So how has Veeva done so much with so little? Founder and CEO Peter Gassner says the restrictions were freeing, not stifling. It built something very specific and leveraged the constant feedback loop of cloud software to continually tweak and perfect the product, based on what customers said and how they used it. I caught up with Gassner this morning just after ringing the opening bell, and he said that customers get excited to give feedback because Veeva can push fixes so quickly “they know they could be using a better version by next month.”
“It’s just an unfair advantage,” he says of the rapid and focused feedback loop.
Gassner should know. This isn’t some kid who recently decided enterprise could be cool. He has been in enterprise since he was coding for mainframe. Gassner was early at PeopleSoft when the hot trend was client server software, and early at Salesforce when it moved to on demand. His company’s valuation today portends that he could have started his own trend with what he calls the “industry cloud” — or companies building software for specific, neglected, cash-rich industries. Veeva’s new market cap isn’t the only good number it sports: It does $130 million in revenues, is rapidly growing and has margins above 20 percent.
The tight focus also means sales and marketing efforts are so targeted that the costs are half similar-sized cloud companies. “We know exactly who we are building it for and what they need,” he says. “We aren’t talking to anyone who doesn’t need this.”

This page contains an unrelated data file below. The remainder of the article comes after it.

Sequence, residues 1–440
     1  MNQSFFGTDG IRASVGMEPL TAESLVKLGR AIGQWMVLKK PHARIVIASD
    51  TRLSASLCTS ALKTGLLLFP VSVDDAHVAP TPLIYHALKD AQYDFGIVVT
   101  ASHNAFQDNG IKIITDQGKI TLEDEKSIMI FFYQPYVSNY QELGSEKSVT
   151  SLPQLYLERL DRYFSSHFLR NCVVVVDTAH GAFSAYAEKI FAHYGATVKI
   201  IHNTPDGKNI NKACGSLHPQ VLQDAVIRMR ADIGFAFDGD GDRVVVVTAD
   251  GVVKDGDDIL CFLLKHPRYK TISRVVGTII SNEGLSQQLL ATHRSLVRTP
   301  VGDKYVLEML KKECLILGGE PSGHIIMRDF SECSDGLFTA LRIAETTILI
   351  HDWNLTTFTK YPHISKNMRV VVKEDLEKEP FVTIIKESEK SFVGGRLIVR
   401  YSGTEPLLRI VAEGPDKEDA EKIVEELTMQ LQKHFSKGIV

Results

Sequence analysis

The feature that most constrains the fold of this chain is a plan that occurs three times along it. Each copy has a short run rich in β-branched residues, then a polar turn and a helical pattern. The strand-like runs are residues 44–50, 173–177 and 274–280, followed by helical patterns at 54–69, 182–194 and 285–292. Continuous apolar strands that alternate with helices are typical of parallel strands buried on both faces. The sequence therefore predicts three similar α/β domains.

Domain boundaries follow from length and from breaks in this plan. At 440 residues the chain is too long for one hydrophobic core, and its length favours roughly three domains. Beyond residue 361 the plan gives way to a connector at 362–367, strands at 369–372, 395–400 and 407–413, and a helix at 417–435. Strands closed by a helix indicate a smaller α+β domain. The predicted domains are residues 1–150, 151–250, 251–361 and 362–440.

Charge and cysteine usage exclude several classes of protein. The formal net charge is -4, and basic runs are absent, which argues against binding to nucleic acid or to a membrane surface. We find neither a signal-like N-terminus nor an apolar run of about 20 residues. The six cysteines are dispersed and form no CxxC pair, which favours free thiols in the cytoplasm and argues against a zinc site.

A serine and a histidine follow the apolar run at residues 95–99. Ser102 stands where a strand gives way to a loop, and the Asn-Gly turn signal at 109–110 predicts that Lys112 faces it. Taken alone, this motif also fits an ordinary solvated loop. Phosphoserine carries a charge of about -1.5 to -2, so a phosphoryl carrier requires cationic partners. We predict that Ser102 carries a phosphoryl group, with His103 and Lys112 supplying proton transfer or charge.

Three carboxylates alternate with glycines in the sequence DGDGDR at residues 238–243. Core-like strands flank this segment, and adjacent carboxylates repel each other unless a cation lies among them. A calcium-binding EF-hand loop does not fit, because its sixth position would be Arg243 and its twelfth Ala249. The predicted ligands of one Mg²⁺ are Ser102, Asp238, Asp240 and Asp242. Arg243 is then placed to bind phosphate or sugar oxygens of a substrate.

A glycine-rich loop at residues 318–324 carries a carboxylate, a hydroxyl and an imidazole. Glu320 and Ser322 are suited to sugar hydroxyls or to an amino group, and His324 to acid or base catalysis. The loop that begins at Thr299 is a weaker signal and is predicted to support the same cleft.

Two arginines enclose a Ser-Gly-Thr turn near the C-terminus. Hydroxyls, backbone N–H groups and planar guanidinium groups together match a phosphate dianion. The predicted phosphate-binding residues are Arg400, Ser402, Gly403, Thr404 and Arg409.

That’s largely the told story of Veeva. What fascinated me in my conversation with Gassner this morning was the role that he sees data playing in Veeva’s future. Again, because the focus is so narrow, it can gather meaningful industry data that can help its customers more than just automating their business processes. If 50 percent of the pharmaceutical reps in the world are using it, they can draw parallels on how they meet with certain doctors. From that Veeva can make recommendations for the best way to close a sale.
For instance, it can tell you that Dr. Green only wants to see sales reps between 3 pm and 5 pm on Fridays at the Hoboken office and never to call him. That helps the doctors and the sales reps be more efficient. Efficient equals better sales, which means the industry can’t not use Veeva.
“We can crowd source to create a digital profile of the twenty million or so doctors around the world,” Gassner says. ”That’s a benefit that’s measured in the billions of dollars. That’s data not available anywhere else.”
It’s not what most people mean when they talk about THE CONSUMERIZATION OF ENTERPRISE! but it reminds me of how Evan Williams describes an early Twitter as recognizing the beauty of constraints and simplicity. Gassner draws another unexpected parallel to the consumer world when it comes to this use of data.